Planned big-ticket developments on the island highlight China's commitment to liberalization and the world's economy
China's opening-up policy, which is already encouraging the world's big companies and investors to redraw their strategies, received a fresh burst of energy this month. [Special coverage]
The government announced several creative plans to build Hainan island into an international free trade zone and free port. Next came proposals to give foreign investors full access to China's general manufacturing sector.
All this reaffirms the country's commitment to market liberalization and its role as a key driver of global growth, said business leaders.
The tropical island of Hainan, known for its sandy beaches and resort-dotted coastline, gained prime attention from home and abroad after President Xi Jinping announced on April 13 a grand plan defining the island's future role.
The central government has decided to set up an investment fund to support building a free trade port in Hainan by 2025.
Foreign firms and multinational companies will be encouraged to set up international and regional headquarters on the island, according to a detailed official guideline released on April 14.
The island will gradually phase out sales of traditional gasoline-fueled vehicles, according to the guideline.
"After decades of gaining robust growth from China's huge consumer base, technology and infrastructure upgrading, low material and labor cost, foreign manufacturers can discover more new market growth points today, as the country has moved to substantially expand its reform and opening-up programs, not only in specific sectors, but in specific areas (such as Hainan)," said Xue Rongjiu, deputy director of the Beijing-based China Society for WTO Studies.
China, a top-priority market for many multinationals, will further get integrated into the global economy by allowing foreign companies greater acess to the services industry, including elderly care, health and education. It will lift limits on foreign-owned equity in some areas, and fully open the manufacturing sector, according to the government policies that have been evolving since 2017.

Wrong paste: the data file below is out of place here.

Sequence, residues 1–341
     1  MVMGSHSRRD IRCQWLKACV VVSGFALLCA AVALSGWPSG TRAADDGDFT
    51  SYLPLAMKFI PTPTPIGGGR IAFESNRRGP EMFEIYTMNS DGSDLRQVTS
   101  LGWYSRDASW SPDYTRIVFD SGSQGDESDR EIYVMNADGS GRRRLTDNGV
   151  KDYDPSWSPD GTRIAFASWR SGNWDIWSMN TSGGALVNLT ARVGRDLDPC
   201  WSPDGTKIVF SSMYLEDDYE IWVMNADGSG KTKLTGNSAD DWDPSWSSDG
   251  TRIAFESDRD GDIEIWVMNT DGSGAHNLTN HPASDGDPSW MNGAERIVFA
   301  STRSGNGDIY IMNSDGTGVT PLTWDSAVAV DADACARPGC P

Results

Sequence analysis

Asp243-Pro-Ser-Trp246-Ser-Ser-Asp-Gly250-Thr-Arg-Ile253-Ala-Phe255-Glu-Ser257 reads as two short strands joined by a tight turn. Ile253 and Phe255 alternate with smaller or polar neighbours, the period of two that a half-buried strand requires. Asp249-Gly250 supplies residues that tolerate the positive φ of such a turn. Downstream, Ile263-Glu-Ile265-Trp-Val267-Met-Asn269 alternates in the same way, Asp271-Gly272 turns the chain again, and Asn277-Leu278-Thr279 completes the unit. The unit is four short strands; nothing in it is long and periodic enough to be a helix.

Ulrich Spiesshofer, chief executive officer of Swiss industrial conglomerate ABB Group, said he has seen major changes like rising market demand for high-end products such as industrial robots and state-of-the-art technologies like artificial intelligence and high-voltage direct-current systems.
"On the automation side, China's center of gravity in industry is really shifting away from the heavy industries more into discrete industries and services," he said. "We have also shifted our center of gravity: we are the market leader in robotics in China since decades and have invested strongly. So I would say the underlying sentiment is positive."
Under the government plan, the general manufacturing sector will be completely opened to foreign participation. Access to sectors like telecommunications, medical services, education, elderly care and new energy vehicles will be expanded.
The Ministry of Commerce also said that China will complete a revision of the negative list for foreign investment in the first half of this year. Areas not on the negative list are presumed to be open to foreign investors.
"We came just at the right time with a clear portfolio that is now the simplest in the industry with a much stronger customer orientation in a market that is improving," said Spiesshofer of ABB.
Chinese Vice-Minister of Commerce Wang Shouwen said, "The reform and opening-up policy has been behind China's robust growth over the past four decades, which helped the country to emerge as the world's second-largest economy and the largest contributor to world growth."
From 2013 to 2017, China contributed more than 30 percent of world economic growth, more than the combined contributions of the United States, Japan, and the eurozone, according to World Bank data.